The 12th Invest in ME Research Conference June, 2017, Part 2
MEMum presents the second article in a series of three about the recent 12th Invest In ME International Conference (IIMEC12) in London.
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BBC - Chronic fatigue syndrome on rise among 16-year-olds

Discussion in 'General ME/CFS News' started by worldbackwards, Jan 25, 2016.

  1. worldbackwards

    worldbackwards A unique snowflake

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    2% my arse. Bloody Crawley strikes again.

    http://www.bbc.co.uk/news/health-35383832
     
  2. alex3619

    alex3619 Senior Member

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    This is in line with the prevalence under Oxford criteria. I wonder what criteria were used. As we know the Oxford criteria need to be retired.

    They are still perpetuating the myth that "chronic fatigue = chronic fatigue syndrome = ME", all of which have different symptom requirements and different prevalence, and most importantly they have different severity.
     
  3. GreyOwl

    GreyOwl Dx: strong belief system, avoidance, hypervigilant

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    I only read the news article, not the published article, so setting aside that it's about "chronic fatigue" I'm wondering how this reconciles with BSP babbling about children of middle-class whiny over-protective mothers?
     
    moosie likes this.
  4. Chrisb

    Chrisb Senior Member

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    Good to see how real science works.

    Of course one could start by taking mobile phones and computers away from them at 10.30pm and see how that effects states of fatigue.
     
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  5. Sidereal

    Sidereal Senior Member

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    This sort of 'research' is why I'm opposed to most of what is happening in the UK collaborative. Bad research is more harmful than no research.
     
    SDSue, beaker, Chezboo and 10 others like this.
  6. justy

    justy Donate Advocate Demonstrate

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    'Persistent exhaustion' = CFS = M.E?
     
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  7. Simon

    Simon

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    Not sure a pencil and paper exercise adds anything of value, apart from highighting that lots of school children have chronic fatigue.

    Bonus! Yuppie flu headline here too
    'Yuppie flu' taking toll on teens | Western Daily Press
     
    Last edited: Jan 25, 2016
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  8. charles shepherd

    charles shepherd Senior Member

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    CS will be talking live to LBC radio shortly after 3pm about this new research

    LBC radio: http://www.lbc.co.uk
     
  9. K22

    K22

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    Let's see who speaks out that Crawley's persistent fatigue isn't CFS let alone M.E. Certainly nothing from AYME or AFME who go along that Crawley is studying CFs/ME. Will anyone make it clear that use of these broadest of umbrellas and conflating fatigue with complex illness isn't useful. Who will say that M.E entails more than persistent fatigue & explain what and that loose questionaire research on tired teens isn't bringing answers for people really ill & that not enough state funds are getting put in to help the sickest...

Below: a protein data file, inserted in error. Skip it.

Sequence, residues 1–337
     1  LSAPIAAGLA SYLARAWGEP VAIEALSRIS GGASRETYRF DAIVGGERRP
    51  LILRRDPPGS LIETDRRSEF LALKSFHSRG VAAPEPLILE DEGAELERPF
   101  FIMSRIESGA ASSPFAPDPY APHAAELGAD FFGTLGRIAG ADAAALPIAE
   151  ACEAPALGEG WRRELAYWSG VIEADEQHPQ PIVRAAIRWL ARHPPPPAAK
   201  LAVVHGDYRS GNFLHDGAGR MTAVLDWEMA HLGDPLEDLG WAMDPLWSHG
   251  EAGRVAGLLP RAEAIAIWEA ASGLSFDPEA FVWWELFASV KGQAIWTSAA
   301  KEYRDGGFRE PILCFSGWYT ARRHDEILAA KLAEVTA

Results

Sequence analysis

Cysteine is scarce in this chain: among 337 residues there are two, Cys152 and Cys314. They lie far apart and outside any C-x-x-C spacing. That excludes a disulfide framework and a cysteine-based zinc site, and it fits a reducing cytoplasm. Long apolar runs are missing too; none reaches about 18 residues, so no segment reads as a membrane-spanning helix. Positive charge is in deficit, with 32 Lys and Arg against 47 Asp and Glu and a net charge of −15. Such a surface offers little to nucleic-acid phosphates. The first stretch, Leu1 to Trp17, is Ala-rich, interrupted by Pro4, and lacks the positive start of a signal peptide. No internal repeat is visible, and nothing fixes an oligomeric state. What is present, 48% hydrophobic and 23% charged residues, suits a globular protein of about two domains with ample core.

Conflating M.E with PF is as harmful as the press calling it derogatory names.
     
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  10. charles shepherd

    charles shepherd Senior Member

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    Re Western Daily Press

    INTENDED FOR PUBLICATION

    Dear Sir

    Re the headline to the news item in today's Western Daily Press covering children with myalgic encephalomyelitis/chronic fatigue syndrome (ME/CFS):

    http://www.westerndailypress.co.uk/Yuppie-flu-taking-toll-teens/story-28594735-detail/story.html

    Yuppie flu is a derogatory and inaccurate description for the serious and debilitating neurological illness known as myalgic encephalomyelitis/chronic fatigue syndrome (ME/CFS)

    The name was invented by journalists and has NEVER been used by the medical profession

    And as you say in the news item, ME/CFS is an illness that was more common in children from poor homes with little practical or emotional support from their mothers

    ME/CFS has no social class bias and has nothing to do with so-called yuppies

    To comply with the press code of conduct on accuracy please take immediate steps to remove this appalling headline from your on-line news item and place a suitable correction and apology in the paper edition tomorrow

    Yours
    Dr Charles Shepherd

    Medical Adviser, ME Association
    7 Apollo Office Court
    Radclive Road
    Gawcott
    Bucks MK18 4DF

    Website: www.meassociation.org.uk

     
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  11. Denise

    Denise Senior Member

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    The press release (includes mention of AYME, Action for ME and other "interesting" notes to editors)
    http://www.eurekalert.org/pub_releases/2016-01/uob-1i5012216.php

    includes info on how to access a proof of the paper.

    "The paper, 'Chronic Fatigue Syndrome at Age 16 Years' by Simon Collin et al is published today [Monday, Jan. 25, 2016] in Pediatrics, the official journal of the American Academy of Pediatrics. An advance proof of the paper can be downloaded here: https://fluff.bris.ac.uk/fluff/u3/indoh/m2jZ5k_4imurceZIJHdGRgVXL/"